Courts • He shoots down Basic Research's arguments that tentative agreement can't be enforced.
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An angry federal judge on Thursday said the Salt Lake City-based maker of a disputed weight-loss product appeared to be obstructing a settlement it had agreed to in a lawsuit alleging the company defrauded consumers.
U.S. District Court Judge Ted Stewart had tough words for Basic Research and its attorney as they tried to place blame for finalizing a deal on lawyers for thousands of consumers who bought the weight-loss product advertised as "eat all you want & still lose weight."
Stewart was skeptical of arguments by attorney Christopher Sullivan that important details of the settlement had not been ironed out, meaning that the court could not enforce an agreement Sullivan described as tentative. The attorney argued that ordering a settlement would be unconstitutional and would be appealed.
The judge said, however, that the remaining issues were easily resolved by the parties and that Basic Research appeared to be the party obstructing progress in a lawsuit that had gone on far too long.
At one point Stewart warned Sullivan, "I think it would be best not to argue with me."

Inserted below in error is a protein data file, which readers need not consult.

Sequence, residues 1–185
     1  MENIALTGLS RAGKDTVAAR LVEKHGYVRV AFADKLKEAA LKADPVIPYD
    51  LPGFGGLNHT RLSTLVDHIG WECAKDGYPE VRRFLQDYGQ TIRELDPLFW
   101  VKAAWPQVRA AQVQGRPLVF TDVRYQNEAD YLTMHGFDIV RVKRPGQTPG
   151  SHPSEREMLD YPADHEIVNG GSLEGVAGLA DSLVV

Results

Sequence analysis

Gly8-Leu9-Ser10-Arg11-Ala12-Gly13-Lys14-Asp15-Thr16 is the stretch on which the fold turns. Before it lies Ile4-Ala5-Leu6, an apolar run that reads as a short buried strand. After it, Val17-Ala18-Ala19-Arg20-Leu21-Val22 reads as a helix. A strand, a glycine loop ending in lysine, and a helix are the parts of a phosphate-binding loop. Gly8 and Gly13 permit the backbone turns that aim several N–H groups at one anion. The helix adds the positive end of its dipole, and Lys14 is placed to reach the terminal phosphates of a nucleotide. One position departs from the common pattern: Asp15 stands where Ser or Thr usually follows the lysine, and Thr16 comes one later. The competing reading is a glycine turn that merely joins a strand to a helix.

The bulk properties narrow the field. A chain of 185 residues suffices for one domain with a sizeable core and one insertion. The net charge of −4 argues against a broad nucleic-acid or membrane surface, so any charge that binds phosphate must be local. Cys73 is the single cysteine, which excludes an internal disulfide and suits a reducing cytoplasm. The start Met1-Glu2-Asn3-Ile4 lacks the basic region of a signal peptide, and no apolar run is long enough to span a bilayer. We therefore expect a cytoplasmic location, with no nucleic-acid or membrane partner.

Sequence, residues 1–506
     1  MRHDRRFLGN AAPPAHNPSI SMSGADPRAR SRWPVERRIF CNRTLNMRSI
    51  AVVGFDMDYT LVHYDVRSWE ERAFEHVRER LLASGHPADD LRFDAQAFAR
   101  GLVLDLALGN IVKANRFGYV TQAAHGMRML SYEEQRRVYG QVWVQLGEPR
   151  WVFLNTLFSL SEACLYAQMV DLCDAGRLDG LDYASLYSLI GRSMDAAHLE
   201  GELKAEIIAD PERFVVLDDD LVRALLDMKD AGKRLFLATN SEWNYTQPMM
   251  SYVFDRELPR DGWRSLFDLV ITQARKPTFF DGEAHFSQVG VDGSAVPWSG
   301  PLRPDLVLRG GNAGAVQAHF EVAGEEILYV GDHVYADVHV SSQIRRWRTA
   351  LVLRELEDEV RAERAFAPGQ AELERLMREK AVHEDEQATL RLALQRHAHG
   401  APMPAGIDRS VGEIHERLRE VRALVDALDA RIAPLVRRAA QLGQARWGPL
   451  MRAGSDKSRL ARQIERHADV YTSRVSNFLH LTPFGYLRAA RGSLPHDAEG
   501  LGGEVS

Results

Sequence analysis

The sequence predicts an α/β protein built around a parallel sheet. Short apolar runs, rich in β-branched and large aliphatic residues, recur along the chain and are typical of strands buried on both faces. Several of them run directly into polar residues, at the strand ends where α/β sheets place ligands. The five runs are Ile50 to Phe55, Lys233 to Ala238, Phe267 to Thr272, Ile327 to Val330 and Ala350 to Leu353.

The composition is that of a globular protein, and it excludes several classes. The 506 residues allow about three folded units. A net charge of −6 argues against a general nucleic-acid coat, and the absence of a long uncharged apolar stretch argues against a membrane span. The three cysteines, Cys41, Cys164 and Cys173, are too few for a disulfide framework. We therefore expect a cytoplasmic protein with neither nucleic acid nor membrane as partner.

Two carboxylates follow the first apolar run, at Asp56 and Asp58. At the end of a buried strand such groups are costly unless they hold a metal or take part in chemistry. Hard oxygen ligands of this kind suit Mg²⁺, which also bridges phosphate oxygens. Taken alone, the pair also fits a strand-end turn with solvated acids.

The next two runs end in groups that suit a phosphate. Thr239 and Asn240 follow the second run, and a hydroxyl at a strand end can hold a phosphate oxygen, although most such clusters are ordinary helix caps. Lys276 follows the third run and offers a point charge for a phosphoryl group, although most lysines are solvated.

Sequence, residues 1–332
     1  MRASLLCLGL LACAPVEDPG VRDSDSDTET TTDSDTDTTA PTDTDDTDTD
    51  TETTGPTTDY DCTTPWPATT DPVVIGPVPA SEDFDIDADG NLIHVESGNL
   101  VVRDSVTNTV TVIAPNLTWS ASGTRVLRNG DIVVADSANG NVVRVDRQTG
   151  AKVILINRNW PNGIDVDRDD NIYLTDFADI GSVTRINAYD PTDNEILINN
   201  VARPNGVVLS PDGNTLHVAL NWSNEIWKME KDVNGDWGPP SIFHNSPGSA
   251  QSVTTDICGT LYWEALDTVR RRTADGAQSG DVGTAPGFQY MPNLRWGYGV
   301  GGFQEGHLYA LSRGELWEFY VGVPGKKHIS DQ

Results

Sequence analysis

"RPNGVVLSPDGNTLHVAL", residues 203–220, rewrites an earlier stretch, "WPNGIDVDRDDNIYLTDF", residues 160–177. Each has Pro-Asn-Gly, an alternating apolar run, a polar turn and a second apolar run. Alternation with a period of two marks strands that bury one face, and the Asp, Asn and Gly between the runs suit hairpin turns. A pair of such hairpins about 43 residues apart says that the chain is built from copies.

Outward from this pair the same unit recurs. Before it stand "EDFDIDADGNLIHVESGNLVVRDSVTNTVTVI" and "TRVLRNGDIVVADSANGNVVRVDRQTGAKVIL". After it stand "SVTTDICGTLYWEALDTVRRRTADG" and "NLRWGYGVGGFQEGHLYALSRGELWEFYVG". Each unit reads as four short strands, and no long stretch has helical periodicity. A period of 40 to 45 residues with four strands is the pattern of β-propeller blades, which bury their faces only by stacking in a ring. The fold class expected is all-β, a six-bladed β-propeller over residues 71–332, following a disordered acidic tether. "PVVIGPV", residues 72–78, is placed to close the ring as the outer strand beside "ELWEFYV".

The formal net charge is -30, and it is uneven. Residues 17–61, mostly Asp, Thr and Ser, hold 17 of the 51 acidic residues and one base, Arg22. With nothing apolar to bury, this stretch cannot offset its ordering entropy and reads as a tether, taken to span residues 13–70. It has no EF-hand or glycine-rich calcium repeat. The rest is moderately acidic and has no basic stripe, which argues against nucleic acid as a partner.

Basic Research was sued in 2007 over its marketing of a weight-loss dietary supplement called Akävar 20/50, which was sold in U.S. retail outlets such as GNC, Walgreens, Target, Rite Aid, Costco and Kmart, court documents say. Basic Research declined to supply sales figures, but a 2009 court filing says they were "well into the tens of millions of dollars."
Last September, the two sides reached an agreement during a mediation session in San Francisco, with terms that were signed by Dennis Gay, the president and CEO of Basic Research, along with its lead attorney.
Since then, Scott Shepherd, a Philadelphia attorney who represents consumers, told Stewart some negotiations had taken place but that attorneys for Basic Research had stopped trying to tie up final details and indicated they were no longer interested in settling. Shepherd asked Stewart to enforce the deal the sides had reached.
"The defendants just decided they didn't want to do it," Shepherd said, pointing out that their actions came even after the company's attorneys had filed notice with the court that the suit had been settled.
Stewart said he would issue a ruling soon.